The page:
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Monday, 17 June, 2002, 11:03 GMT 12:03 UK
Website to reduce medical errors
Isabel Maude
Isabel Maude nearly died
The parents of a English girl who nearly died after doctors failed to diagnose the flesh eating bug have helped to develop technology to prevent similar errors.

Doctors initially said that three-year-old Isabel Maude had chickenpox, and that there was no need to worry.

If ISABEL saves just one child's life, it has all been worthwhile

Charlotte Maude
In fact, Isabel did have chickenpox - but she had also been infected with the necrotising fasciitis bug.

She suffered multiple organ failure including cardiac arrest and was transported under police escort from her local hospital to the Paediatric Intensive Care Unit (PICU) at St Mary's Hospital, Paddington.

There she spent four weeks on a life support machine followed by a further month in a ward.

Quick information

Isabel's parents Jason and Charlotte Maude could have sued the NHS. Instead, they set about putting things right.

They raised money and got professional help to develop an internet system that would help avoid the same mistakes being made again.

The system, called ISABEL, is free to all doctors. It uses pattern recognition software to search for information in paediatric textbooks.

Doctors simply tap in symptoms and get back a list of possible problems, and details of the best treatment.

The system also offers links to the British National Formulary and an annotated picture library.

Charlotte Maude said: "We sat by Isabel's bedside not knowing if she would live or die, and kept asking ourselves the question `how could this have happened?'

"We understand that doctors are not infallible - to blame them for what happened would achieve nothing.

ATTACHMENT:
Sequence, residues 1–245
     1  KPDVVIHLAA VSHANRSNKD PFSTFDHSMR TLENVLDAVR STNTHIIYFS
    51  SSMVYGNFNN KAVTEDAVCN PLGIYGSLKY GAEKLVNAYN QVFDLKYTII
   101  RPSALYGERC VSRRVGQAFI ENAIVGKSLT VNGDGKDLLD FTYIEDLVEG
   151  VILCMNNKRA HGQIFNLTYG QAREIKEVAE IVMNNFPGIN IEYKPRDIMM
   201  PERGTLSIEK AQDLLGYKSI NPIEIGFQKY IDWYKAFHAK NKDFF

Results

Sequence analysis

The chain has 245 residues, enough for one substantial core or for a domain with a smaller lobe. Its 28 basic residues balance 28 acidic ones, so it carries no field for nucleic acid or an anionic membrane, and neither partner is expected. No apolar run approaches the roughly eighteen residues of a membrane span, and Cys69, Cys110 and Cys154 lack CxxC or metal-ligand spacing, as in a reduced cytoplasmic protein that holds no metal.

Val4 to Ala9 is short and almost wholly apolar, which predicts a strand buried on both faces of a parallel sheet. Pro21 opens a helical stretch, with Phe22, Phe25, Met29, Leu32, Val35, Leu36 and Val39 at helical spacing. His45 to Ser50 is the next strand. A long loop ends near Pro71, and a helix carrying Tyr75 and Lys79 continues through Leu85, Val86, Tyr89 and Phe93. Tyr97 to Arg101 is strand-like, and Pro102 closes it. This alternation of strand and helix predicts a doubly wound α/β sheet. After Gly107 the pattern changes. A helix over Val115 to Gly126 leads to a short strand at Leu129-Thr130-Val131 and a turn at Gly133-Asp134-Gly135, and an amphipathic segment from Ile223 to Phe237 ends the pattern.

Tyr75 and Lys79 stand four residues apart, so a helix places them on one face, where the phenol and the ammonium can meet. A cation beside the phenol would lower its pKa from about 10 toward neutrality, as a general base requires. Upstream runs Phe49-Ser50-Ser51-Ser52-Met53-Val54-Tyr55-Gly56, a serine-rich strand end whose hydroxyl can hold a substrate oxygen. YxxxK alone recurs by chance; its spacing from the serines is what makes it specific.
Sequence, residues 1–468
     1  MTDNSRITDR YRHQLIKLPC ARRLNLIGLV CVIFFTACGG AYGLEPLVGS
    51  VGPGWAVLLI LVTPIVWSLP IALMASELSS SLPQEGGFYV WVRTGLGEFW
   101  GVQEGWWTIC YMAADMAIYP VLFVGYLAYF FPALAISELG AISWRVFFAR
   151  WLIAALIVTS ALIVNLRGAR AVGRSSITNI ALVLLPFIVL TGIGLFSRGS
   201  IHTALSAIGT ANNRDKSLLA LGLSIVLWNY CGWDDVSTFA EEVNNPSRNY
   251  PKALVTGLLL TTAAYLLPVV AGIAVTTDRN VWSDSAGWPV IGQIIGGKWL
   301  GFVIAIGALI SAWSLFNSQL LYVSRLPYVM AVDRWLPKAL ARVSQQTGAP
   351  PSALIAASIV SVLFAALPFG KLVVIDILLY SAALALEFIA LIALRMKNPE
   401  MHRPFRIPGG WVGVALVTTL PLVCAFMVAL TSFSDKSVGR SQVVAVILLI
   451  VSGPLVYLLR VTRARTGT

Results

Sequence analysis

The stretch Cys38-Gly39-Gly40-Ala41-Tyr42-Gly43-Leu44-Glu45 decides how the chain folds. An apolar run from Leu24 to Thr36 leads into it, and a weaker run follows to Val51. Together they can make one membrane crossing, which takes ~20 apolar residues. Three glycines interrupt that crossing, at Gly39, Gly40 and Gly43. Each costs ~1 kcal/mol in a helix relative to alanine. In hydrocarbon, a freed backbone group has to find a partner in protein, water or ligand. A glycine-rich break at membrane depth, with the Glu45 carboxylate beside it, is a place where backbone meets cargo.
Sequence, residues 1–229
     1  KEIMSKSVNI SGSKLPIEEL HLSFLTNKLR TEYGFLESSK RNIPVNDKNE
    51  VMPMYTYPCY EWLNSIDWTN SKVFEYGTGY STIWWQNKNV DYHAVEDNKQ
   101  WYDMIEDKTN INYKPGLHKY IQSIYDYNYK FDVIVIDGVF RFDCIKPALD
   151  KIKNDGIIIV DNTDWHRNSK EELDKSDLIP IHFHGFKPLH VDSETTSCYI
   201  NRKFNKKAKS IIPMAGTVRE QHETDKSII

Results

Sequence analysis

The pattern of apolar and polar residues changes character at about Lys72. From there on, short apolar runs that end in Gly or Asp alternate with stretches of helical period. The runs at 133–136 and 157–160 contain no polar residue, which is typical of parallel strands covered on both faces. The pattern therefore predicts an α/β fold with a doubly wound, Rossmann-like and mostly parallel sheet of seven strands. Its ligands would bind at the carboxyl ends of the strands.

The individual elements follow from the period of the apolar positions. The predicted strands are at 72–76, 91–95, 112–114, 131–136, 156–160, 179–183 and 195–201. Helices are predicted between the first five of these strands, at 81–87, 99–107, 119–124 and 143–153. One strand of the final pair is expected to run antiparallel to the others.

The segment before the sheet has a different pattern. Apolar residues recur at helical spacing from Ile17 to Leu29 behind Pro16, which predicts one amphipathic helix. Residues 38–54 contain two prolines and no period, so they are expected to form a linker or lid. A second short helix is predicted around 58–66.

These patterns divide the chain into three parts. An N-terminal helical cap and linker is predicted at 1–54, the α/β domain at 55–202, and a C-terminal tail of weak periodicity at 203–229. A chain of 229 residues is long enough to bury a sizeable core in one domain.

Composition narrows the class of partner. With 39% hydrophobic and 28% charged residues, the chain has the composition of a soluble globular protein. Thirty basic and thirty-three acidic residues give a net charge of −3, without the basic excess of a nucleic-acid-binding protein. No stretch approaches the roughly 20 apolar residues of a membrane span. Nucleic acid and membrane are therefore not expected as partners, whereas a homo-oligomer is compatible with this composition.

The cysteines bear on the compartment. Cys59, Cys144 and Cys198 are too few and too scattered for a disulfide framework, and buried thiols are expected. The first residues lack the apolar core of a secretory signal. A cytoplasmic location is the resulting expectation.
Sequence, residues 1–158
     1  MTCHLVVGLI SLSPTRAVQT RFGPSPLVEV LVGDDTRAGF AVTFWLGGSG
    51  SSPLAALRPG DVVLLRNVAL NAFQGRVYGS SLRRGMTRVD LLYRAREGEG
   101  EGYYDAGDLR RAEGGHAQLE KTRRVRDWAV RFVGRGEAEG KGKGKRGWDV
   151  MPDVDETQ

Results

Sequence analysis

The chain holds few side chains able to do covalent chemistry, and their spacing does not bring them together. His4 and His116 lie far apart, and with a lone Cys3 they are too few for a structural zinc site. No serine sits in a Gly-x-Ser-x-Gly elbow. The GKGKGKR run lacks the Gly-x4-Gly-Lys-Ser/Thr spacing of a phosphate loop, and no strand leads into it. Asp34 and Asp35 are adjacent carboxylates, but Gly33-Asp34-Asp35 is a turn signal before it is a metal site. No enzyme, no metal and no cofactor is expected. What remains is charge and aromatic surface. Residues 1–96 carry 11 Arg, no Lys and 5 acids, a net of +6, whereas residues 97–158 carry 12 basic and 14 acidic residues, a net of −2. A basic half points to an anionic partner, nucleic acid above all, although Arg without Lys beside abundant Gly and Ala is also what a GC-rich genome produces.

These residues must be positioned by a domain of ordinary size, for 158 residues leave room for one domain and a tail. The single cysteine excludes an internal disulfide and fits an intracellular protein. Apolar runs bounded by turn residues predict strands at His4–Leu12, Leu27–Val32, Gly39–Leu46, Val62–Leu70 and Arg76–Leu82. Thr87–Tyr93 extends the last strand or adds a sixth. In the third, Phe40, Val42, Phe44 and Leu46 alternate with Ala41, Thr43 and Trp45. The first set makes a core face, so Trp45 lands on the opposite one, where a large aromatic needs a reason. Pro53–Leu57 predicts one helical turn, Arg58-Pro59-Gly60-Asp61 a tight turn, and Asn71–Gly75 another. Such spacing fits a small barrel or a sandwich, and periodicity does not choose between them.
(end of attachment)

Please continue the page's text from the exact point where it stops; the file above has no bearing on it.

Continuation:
"We hope that in time, clinicians will come to see ISABEL as a practical supplement to their own knowledge, which could save many lives.

"If ISABEL saves just one child's life, it has all been worthwhile."

Junior staff

Dr Joseph Britto
Dr Joseph Britto hopes the system will reduce mistakes
Dr Joseph Britto, a consultant in paediatric intensive care at St Mary's Hospital, said that many ill children were seen by junior doctors, and not experienced consultants.

"We need systems like Isabel that will bring some of the knowledge down to the junior doctor at the bed side, and hopefully that will prevent diagnostic error.

"If this system had been in place at the hospital where Isabel presented it would have made a difference.

"It would have highlighted to the junior doctor that what he was dealing with was not just straightforward chickenpox, but chickenpox that had been complicated by a bacterial infection."

A study in the British Medical Journal published last year suggested that as many as one in 10 patients admitted to hospitals experienced medical error.

It is estimated that health care professionals carry around 2 million pieces of clinical information in their heads.


The developers are hoping to obtain funding from the Department of Health to carry out research into the impact of the technology.

Trials have shown the system has a 90% accuracy rate and it has the support of the General Medical Council, the Royal College of Paediatrics and Child Health, the British Association of Accident and Emergency Medicine and the Department of Health.

Health Minister Lord Hunt said: "ISABEL has the potential to be a very useful tool for all clinicians in the delivery of patient care.

"I have asked officials at the Department of Health to examine its potential effectiveness in the wider clinical context and to explore options for promoting its wider use in the NHS."

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See also:

07 Sep 99 | Health
10 Apr 01 | Science/Nature
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